We could build a new purpose built arena in say Stirling, who lack the infrastructure to cope with the demands that would bring. Plus would we trust The SFA not to mess up the project? If you want to leave Hampden, then you have to admit they were at fault in the first place. If we have the cash to burn then let’s just get it right at our current home.

Murrayfield is getting mentioned a lot.

But Scottish football was started in Glasgow, our history is intertwined with the city! Murrayfield is a rugby venue, a nice one but a rugby venue nevertheless. I’ve been to football games there and it just felt odd and it certainly didn’t feel like home.

Plus is is really feasible to have huge Old Firm matches held in the country’s capital? Would Police Scotland, Scotrail and the council in Edinburgh want 50,000 plus Rangers and Celtic fans travelling to Old Reekie?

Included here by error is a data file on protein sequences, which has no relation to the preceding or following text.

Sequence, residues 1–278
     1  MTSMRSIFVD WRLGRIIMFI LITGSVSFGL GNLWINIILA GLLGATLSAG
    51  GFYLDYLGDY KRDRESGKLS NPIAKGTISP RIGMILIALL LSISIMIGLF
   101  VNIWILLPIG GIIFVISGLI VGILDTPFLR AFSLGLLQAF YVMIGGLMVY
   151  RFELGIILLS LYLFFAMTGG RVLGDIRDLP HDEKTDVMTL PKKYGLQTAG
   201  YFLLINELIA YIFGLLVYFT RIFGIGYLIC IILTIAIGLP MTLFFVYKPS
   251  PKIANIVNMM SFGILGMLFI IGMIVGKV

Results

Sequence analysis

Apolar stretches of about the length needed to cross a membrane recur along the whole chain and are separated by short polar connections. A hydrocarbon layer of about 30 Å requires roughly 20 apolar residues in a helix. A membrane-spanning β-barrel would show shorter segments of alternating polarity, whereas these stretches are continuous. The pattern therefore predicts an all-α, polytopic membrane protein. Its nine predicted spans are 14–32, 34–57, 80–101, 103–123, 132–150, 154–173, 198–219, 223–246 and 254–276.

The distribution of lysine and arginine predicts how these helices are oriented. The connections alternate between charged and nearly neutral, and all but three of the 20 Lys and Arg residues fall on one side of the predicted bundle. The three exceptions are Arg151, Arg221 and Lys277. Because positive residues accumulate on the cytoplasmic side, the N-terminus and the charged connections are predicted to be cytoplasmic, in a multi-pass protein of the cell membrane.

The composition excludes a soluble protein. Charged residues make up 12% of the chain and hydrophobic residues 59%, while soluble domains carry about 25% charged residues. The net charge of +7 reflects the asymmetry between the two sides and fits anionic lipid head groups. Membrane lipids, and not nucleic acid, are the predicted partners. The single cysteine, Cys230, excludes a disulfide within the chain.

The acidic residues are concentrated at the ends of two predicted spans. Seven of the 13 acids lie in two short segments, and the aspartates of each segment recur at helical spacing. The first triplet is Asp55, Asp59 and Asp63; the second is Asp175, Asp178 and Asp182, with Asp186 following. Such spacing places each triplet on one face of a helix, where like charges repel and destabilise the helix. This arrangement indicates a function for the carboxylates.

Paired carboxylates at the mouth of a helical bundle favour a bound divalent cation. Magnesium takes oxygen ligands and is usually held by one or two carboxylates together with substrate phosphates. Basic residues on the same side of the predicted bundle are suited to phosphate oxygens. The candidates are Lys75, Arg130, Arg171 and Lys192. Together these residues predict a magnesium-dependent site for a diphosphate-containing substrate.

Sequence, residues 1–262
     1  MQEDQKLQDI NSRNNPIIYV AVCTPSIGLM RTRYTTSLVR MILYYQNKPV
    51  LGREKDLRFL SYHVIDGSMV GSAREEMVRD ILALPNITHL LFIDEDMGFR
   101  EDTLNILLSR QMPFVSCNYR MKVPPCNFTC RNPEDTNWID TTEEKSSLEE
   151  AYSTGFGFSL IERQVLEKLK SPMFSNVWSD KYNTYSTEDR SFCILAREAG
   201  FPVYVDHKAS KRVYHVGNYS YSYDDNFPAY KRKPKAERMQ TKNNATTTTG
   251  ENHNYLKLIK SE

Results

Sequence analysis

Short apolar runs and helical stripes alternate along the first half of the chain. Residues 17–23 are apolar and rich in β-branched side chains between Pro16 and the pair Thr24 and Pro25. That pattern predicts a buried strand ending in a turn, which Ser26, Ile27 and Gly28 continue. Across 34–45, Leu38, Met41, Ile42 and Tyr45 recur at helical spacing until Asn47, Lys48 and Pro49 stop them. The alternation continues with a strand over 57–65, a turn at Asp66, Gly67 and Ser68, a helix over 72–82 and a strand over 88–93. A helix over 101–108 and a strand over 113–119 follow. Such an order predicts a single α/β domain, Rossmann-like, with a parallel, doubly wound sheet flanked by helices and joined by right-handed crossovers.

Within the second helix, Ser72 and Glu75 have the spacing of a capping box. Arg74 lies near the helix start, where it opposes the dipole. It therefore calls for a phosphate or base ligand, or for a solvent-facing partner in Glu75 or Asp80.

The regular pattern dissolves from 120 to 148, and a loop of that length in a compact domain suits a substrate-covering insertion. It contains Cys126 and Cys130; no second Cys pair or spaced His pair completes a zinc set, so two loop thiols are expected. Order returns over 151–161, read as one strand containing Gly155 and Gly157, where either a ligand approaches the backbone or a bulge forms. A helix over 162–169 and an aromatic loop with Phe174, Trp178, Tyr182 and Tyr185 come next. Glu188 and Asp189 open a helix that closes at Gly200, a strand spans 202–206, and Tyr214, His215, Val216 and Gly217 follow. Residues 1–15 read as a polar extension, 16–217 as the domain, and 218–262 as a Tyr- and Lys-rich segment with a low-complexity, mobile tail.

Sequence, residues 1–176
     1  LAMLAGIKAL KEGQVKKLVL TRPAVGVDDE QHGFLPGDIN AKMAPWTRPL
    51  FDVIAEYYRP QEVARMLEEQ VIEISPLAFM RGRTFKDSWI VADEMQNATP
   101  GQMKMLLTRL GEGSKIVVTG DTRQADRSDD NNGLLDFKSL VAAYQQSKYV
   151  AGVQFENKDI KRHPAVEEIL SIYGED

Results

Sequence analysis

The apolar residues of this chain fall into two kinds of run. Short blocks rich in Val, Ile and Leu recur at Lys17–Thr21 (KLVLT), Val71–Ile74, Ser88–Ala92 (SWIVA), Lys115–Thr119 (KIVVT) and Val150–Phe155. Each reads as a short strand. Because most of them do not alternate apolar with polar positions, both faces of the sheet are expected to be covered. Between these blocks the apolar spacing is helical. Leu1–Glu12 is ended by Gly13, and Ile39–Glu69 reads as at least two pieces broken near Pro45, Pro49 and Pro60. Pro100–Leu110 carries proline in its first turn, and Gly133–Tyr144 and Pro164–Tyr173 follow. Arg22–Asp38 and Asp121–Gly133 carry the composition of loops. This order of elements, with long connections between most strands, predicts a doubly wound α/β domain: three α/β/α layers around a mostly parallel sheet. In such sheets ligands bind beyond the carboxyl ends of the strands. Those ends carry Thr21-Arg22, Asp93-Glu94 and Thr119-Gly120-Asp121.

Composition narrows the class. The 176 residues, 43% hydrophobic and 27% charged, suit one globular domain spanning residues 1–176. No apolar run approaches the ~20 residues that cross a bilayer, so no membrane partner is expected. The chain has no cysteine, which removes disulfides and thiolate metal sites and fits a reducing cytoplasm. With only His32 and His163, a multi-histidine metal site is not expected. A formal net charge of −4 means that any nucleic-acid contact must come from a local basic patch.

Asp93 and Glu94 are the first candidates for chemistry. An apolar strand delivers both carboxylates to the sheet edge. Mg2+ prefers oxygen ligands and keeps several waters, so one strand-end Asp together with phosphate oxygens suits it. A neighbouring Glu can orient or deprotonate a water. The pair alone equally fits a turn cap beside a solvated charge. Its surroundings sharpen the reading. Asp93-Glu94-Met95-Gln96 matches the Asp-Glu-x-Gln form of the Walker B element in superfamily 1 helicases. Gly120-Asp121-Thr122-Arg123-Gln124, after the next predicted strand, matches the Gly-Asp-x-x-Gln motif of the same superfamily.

The trains would be chaotic and the tourists would have to put up with a lot of choice songs and fruity language. I don’t think it would work in the long term.

I don’t mind the idea of travelling for certain smaller games, but it doesn’t necessarily mean sell-outs. We played the Netherlands last November and it didn’t sell-out. It was close but still only 17, 883 people turned up. When we faced the Dutch in a meaningful match in 2003 Hampden had over 50,000 spectators through the gates.

As I said previously, by all means debate where we should play our football but don’t be blinded by others and don’t forget those we’ll leave behind. Think longterm, about the bigger picture and let every single supporter have their say too.

I for one will always back Hampden!